By 1981 orders from the Middle East had slipped while other areas of business had grown, and only one quarter of CRS's revenues came from projects in the Middle East.

Still, the 1980s brought lucrative Middle Eastern contracts to CRS. Between 1982 and 1987, CRS managed a five-member international consortium of firms that planned, designed, and did construction management for a $2.1 billion project for Saudi Arabia's Ministry of the Interior to provide 12,000 housing units.

In 1982, CRS began acquisition talks with J.E. Sirrine, a privately-held mill architect and engineering company based in South Carolina that had been in existence since 1902. But CRS canceled the talks in March 1982. In 1983, though, the talks were revived and the sale went through. Sirrine has been CRS's most important acquisition, and it has helped change the direction of the company. At the time, Sirrine's main appeal was that it had a large domestic business, and that it represented new geographic and business areas. Sirrine provided engineering services to the growing pulp and paper, tobacco and chemicals business in the southeastern United States. More importantly, though, Sirrine was a major power plant designer. After the acquisition, in October 1983, CRS Group formally changed its name to CRS Sirrine, Inc.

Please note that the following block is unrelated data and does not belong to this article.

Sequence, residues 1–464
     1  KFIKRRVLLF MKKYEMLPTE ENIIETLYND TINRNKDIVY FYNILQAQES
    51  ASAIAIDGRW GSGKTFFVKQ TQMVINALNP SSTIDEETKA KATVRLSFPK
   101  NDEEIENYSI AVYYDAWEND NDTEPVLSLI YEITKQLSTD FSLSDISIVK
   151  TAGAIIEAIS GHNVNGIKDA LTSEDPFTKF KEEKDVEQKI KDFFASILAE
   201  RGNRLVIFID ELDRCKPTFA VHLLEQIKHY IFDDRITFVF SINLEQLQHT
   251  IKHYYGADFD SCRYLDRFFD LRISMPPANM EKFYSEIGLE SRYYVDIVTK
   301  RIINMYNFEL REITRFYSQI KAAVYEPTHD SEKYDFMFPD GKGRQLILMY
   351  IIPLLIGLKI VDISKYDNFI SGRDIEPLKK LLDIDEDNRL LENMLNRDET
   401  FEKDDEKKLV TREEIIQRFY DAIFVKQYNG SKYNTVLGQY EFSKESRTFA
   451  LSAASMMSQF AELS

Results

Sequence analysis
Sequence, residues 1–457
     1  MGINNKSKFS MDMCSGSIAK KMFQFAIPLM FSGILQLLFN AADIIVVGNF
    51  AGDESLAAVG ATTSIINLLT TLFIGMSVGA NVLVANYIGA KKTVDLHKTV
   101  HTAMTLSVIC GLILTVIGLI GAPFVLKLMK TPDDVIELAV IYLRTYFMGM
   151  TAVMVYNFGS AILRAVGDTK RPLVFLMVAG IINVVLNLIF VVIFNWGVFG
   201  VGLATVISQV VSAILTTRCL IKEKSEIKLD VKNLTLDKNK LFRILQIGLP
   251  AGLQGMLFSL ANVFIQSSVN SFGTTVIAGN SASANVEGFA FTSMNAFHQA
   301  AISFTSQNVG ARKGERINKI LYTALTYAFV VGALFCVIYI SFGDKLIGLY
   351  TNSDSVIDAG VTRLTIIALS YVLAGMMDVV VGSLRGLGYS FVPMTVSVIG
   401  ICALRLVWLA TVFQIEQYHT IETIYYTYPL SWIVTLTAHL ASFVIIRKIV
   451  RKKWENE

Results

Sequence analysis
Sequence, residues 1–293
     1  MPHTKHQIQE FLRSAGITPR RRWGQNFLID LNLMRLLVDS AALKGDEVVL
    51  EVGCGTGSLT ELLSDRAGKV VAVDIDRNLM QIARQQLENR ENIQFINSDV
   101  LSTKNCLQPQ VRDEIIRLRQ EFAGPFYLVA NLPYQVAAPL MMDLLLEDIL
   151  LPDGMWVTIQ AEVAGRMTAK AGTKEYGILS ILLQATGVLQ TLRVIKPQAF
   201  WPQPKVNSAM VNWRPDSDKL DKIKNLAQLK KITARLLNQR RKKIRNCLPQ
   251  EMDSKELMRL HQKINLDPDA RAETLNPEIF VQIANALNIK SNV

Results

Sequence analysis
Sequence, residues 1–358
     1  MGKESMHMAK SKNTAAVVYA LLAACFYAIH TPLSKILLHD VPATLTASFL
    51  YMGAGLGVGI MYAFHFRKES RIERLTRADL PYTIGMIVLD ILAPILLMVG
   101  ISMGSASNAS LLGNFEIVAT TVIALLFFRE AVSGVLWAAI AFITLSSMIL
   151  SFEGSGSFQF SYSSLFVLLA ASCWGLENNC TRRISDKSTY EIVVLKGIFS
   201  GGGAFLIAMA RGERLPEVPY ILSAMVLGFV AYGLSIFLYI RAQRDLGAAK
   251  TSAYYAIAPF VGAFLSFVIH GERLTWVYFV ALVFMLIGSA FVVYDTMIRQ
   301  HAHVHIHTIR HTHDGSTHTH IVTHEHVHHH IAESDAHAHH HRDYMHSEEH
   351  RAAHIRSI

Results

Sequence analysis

While Hy Byrd chaired Gulf Interstate, the company also purchased a 40% interest in Kenneth Schnitzer's office building at 1200 Travis Street (between Polk and Dallas Streets)--called "the Houston Natural Gas Building" for its core tenant. Across the street from 1200 Travis, Gulf Interstate also acquired a leasehold interest in the Americana Building which had several floors for parking, leased to Foley's Department Stores (now Macy's) on the other side of Travis Street.